Arnold-AugustDescription: The U.S. approach to democracy and elections is either promoted as the guiding norm for the world or simplistically dismissed as being money-driven. However, its real inner workings are exposed in this lecture through an original case study of Barack Obama. In different circumstances, Cuba has chosen another path to democracy and elections. Its initial stages, spearheaded by José Martí and others, can be traced back to the second half of the 19th century. The innovative 1959 armed revolution is a continuation of this, thus demonstrating Cuba’s capacity to renew itself. The Venezuela Bolivarian Revolution has been experimenting with yet another route to democracy since the 1998 elections.

[This lecture is co-sponsored by the Institute of Caribbean Studies, the Dean’s Office, the School of Social Sciences, the Department of Political Science, the Regional Library of the Caribbean—all at UPR-RP—and the journal El Post Antillano.]

This lecture will be broadcast LIVE online through the following website:

Also see,

Comments and suggestions on this presentation will be welcome at:

For further information, you may call Dr. Humberto García Muñiz, Director, at (787) 764-0000, extension 4212, or write to

See the Institute of Caribbean Studies on Facebook at

Posted by: ivetteromero | February 27, 2014

16th Havana Cigar Festival


In the photo above, a Cuban worker harvests tobacco leaves on a plantation in the San Juan y Martinez municipality, Pinar del Rio province, Cuba. NBC News features a selection of breathtaking photos related to the ongoing Havana Cigar Festival, which began on Monday, February 24, 2014. Also see excerpts below of an EFE article on the festival:  

The 16th Havana Festival, the world’s premier cigar event, began on Monday with cigar enthusiasts from around the world coming to Cuba to visit tobacco farms and factories and savor new brands. The festival will conclude on Friday with a gala dinner and auction, where cigar buyers bid on cigars and humidors to raise money for Cuba’s healthcare system.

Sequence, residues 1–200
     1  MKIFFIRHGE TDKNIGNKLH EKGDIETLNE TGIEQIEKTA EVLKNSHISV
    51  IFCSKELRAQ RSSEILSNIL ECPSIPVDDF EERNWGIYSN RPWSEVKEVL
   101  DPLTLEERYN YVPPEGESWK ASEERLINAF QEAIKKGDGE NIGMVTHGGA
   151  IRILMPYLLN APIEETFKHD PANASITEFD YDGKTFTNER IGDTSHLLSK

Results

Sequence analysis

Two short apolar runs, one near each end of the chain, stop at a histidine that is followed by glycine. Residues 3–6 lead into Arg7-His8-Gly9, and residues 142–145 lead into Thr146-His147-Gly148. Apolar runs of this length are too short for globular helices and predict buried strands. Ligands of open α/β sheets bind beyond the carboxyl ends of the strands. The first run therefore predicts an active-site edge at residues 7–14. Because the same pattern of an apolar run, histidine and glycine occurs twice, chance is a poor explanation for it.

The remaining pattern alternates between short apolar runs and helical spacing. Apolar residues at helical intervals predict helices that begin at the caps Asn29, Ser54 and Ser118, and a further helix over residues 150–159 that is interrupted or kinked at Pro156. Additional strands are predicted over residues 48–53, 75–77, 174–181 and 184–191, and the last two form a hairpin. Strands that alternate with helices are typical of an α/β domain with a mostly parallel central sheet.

Some 1,500 tobacco specialists and cigar lovers from five continents have flocked to Cuba’s capital for the 16th Havana Cigar Festival, an annual occasion for savoring what’s new in cigars and disovering how they combine with drinks, chocolates and haute cuisine.

For guests at this year’s festival who believe nothing can equal made-in-Cuba cigars, the host company Corporacion Habanos S.A. has announced the launch of new brands before they go on sale in 2014, plus the first contest to see who can burn the longest cigar ash.

The star of the show is, of course, the tobacco, accompanied at the Monday night welcome by the music of the salsa band Los Van Van, led by bassist Juan Formell, along with other Cuban artists at the exclusive Club Habana, the former Yacht Club.

Planned for the occasion is the launch of new cigar band labels: Le Hoyo de San Juan, made with leaves of a light, dry taste from plantations in the western province of Pinar del Rio, and the Serie D No. 6 of the Partagas brand, designed to be smoked in some 15 minutes.

Entrepreneurs, businessmen, collectors, sommeliers, cigar tasters, executives, artists, producers, journalists and lovers of hand-rolled tobacco can go Tuesday to the markets in Vuelta Abajo, where, some say, the best tobacco in the world is grown, and on the same day enjoy a special tasting session to savor cigars make with leaves grown in different soils.

The festival will wind up Friday with the traditional gala dinner, this time featuring the premier H. Upmann Reserve No. 2, made from leaves aged for three years and whose production has been limited to just 5,000 cigars.

For full article, see

For photo above and others, see


Britain’s best freerunners have flipped and dived their way around Jamaica and even taken on sprinter Yohan Blake in a special film (Dream Runners) created to celebrate Thomson Cruises’ new sailings from the Caribbean island. Here are excerpts; to read complete article and view film, see link below.

The world’s second-fastest sprinter may outrun 3RUN – the British group who have worked on Hollywood blockbusters like Casino Royale and World War Z – but the team certainly get their revenge as they flip over the Jamaican as he sets off from the starting blocks.